41 tackles, 3 interceptions, 2.5 tackles for loss, 2 pass breakups
Michigan fans will hate me for this, but Trent beats out James Rogers. This just shows how poor Michigan’s defense was over the past three years, because everybody’s whipping boy was the second-best cornerback. The thing that bugged me about criticism of Trent was that he took a lot of heat on message boards for playing 10 yards off the line of scrimmage, but that was clearly a coaching decision. I think Michigan fans realized this by 2010, and if Trent had played for Michigan a year or two later, he might not have drawn as much ire. Trent wasn’t the most agile corner, but he did have good speed and was a better tackler than many gave him credit for. All that being said, I would actually like to put Troy Woolfolk here, but I need a free safety.
FS: Troy Woolfolk (2009)
46 tackles, 1 pass breakup
Woolfolk could fit on this team at cornerback or safety, but Michigan’s horrible defense was horribler once Woolfolk moved to corner for the second half of the year. The Wolverines gave up 23 points per game with him at safety, an average that ballooned to 37 points per game (not counting FCS soup can Delaware State) once he switched to cornerback. His statistics aren’t great, but stats don’t tell the whole story. He was a consistent presence, a solid tackler, and had the speed to prevent some big plays.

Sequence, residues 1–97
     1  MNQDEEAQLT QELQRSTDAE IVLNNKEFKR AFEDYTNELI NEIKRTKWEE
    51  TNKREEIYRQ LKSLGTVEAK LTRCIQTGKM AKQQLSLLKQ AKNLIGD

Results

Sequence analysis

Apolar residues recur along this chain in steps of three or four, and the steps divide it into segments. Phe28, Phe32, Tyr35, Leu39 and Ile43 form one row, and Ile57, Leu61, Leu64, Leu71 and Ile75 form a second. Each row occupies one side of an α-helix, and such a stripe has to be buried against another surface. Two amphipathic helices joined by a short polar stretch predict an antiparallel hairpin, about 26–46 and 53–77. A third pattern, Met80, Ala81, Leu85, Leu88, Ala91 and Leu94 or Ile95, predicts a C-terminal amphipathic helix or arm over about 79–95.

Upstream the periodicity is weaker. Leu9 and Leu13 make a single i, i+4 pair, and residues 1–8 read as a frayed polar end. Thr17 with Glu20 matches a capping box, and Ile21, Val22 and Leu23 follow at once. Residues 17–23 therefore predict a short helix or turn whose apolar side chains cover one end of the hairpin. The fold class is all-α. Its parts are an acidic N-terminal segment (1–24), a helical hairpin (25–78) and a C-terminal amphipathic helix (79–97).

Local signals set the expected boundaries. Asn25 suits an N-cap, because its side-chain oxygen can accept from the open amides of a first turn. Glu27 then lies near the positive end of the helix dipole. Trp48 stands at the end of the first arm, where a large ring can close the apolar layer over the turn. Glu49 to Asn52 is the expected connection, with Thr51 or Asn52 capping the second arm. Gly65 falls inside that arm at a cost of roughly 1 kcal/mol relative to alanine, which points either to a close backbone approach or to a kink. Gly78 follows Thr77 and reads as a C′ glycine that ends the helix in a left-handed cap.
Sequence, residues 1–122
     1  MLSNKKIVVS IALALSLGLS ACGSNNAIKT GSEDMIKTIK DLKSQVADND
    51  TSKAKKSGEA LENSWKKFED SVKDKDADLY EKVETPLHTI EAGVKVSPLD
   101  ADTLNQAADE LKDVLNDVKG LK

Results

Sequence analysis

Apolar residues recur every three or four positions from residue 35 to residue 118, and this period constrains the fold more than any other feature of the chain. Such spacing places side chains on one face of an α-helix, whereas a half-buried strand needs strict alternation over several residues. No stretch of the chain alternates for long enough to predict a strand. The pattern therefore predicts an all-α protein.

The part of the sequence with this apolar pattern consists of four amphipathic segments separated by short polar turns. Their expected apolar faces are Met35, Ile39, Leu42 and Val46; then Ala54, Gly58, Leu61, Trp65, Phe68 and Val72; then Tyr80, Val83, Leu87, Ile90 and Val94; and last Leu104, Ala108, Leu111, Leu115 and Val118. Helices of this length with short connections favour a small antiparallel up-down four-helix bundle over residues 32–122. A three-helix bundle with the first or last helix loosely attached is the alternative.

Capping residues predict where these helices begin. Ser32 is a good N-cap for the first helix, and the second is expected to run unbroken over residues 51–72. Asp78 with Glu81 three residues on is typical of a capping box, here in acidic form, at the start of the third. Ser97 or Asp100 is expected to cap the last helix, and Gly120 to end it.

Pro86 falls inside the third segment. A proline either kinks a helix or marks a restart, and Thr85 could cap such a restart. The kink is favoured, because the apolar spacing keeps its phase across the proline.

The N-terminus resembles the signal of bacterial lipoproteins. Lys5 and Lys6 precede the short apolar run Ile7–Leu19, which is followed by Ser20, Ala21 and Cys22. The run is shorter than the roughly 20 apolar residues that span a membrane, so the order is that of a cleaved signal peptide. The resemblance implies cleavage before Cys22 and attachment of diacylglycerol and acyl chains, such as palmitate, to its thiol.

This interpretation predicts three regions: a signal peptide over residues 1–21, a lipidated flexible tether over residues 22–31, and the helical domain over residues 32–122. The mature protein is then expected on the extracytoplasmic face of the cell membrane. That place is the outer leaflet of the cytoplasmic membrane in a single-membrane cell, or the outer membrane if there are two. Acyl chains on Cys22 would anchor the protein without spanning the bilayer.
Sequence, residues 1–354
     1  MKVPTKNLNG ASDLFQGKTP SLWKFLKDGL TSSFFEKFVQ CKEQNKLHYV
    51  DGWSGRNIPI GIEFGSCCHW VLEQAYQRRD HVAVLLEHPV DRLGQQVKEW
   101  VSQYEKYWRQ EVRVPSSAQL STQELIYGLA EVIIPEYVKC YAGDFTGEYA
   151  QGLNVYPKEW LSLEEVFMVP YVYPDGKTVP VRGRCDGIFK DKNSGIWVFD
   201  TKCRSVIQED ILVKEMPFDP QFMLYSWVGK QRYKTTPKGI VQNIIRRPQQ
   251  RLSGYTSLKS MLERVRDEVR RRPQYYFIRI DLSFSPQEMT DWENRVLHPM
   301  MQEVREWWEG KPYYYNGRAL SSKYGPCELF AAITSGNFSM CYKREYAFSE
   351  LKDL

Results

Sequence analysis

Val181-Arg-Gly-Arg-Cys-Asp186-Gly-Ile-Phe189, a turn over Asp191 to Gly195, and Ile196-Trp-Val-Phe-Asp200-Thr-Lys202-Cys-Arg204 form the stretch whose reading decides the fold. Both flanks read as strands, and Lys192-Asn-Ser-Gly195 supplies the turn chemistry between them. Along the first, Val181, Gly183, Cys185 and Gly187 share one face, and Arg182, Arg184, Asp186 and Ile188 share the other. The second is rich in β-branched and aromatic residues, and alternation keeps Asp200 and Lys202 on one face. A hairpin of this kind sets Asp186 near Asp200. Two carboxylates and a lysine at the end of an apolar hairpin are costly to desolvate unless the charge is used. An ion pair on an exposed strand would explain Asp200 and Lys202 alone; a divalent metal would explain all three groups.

SS: Jordan Kovacs (2010)
116 tackles, 2 interceptions, 8.5 tackles for loss, 1 sack, 1 pass breakup, 1 forced fumble, 1 fumble recovery
For two years, I’ve been hoping that someone more athletic would take Kovacs’s job. But I’ve got to give credit where credit is due – Kovacs has been the best guy so far. He rarely gets out of position, and I didn’t see a more dependable open field tackler on the team. His 116 tackles (second only to Jonas Mouton in the Big Ten) speak for themselves, but he fills up the stat sheet in other ways, too. You can’t help but love the guy.
P: Will Hagerup (2010)
33 punts, 1440 yards, 43.6 yards per punt, 11 punts inside the twenty